Jared: Yeah. So, we funded the Northwick Park project and that’s opened up some subprojects in terms of looking at pregnancy and the effects of vascular EDS there. And we got involved with a psychosocial study that was done by a student genetic counsellor, which has just been finished in the last year. We’ve got one currently that’s going on with student genetic counsellors. But a big one that we’re getting involved with, from trying to recruit into it, is a clinical trial that’s coming up in six months. It’s not funded by us – it’s a pharmaceutical company that’s behind trialling a new drug. But we will help with the recruitment of that with the database that we’ve got.

FLG: What is being explored in the clinical trial? How does that compare with the current treatment?

Jared: Yeah, so the current treatments are beta-blockers, which is losartan and celiprolol. The new one, enzastaurin, is potentially going to stop what could be causing the effects of vascular EDS. It’s already been used for other conditions and so it’s already had a trial with 3,000 participants. So, when this trial does start, it will be at phase III on a drug that is safe. It is working well in the mouse models. Hopefully, they can get that to replicate in humans. So, very promising signs from a study point of view. Children will be able to participate. It’s a global trial so the UK can be involved, and we look forward to that.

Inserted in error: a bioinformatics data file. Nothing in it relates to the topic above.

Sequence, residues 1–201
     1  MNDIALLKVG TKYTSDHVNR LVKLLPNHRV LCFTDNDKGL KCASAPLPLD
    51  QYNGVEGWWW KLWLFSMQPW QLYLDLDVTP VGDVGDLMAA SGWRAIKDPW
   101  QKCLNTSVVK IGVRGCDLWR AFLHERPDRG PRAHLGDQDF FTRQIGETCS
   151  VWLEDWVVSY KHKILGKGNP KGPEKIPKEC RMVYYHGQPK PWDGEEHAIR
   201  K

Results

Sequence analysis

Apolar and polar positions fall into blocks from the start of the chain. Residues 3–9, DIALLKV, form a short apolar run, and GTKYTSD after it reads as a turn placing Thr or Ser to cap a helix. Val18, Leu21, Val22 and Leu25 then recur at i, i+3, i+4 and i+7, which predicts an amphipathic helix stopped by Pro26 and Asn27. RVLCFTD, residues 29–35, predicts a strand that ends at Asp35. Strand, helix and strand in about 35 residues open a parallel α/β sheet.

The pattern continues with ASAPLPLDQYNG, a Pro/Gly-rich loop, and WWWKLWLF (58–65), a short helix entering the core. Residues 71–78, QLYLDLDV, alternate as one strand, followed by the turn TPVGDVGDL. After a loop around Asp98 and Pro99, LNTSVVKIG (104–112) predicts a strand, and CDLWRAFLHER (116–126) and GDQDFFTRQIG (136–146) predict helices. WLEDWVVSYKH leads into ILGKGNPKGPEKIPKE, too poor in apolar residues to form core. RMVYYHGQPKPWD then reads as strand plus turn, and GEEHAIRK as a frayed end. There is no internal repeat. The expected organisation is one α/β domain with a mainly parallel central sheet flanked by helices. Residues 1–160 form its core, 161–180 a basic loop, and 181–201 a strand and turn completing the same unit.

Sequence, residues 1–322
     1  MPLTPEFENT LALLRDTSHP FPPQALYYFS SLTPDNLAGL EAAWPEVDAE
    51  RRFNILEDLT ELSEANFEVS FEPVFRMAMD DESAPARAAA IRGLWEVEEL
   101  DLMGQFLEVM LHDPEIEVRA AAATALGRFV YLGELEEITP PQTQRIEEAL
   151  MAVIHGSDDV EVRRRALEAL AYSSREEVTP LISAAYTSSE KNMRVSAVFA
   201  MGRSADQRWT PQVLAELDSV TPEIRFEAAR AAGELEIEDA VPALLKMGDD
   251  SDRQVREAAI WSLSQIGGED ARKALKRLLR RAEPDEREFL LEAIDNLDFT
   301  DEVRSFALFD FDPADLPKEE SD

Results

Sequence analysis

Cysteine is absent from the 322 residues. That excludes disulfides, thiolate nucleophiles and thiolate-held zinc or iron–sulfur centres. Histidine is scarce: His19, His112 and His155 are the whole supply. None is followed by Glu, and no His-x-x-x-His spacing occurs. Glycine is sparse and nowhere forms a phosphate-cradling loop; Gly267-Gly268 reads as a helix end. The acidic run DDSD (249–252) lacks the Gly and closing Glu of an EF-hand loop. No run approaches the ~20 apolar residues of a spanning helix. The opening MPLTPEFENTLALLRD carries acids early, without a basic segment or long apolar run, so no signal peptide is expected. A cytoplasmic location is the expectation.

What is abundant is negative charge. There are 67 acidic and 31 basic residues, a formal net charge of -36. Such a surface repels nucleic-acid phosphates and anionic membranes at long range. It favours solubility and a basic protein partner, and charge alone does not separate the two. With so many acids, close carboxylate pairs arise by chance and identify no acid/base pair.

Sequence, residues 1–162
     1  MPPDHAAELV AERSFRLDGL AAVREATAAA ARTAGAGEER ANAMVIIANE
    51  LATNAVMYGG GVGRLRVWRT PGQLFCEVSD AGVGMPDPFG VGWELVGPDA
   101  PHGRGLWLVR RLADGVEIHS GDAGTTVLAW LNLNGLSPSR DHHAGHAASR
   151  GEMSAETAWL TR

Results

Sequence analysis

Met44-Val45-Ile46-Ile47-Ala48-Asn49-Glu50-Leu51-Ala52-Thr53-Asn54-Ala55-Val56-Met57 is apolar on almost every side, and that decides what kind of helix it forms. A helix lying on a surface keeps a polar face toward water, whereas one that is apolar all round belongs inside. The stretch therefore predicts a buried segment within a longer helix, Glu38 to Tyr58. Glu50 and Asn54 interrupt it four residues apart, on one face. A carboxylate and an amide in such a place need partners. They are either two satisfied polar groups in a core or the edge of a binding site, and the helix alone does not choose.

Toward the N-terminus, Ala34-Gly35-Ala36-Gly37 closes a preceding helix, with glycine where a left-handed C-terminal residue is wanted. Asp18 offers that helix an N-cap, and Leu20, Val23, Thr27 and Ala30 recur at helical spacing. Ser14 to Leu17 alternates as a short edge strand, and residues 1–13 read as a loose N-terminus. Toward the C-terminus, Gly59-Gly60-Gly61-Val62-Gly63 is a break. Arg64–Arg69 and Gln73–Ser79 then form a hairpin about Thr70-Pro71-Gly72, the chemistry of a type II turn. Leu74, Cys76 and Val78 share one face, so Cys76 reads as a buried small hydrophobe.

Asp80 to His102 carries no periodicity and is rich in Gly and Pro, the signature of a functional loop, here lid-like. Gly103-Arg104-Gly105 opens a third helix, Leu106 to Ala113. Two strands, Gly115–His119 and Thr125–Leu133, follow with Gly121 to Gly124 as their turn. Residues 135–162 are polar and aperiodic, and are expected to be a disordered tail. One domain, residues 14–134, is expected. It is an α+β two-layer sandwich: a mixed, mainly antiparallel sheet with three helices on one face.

FLG: What has it been like for you working across the community – from patients to researchers and clinicians?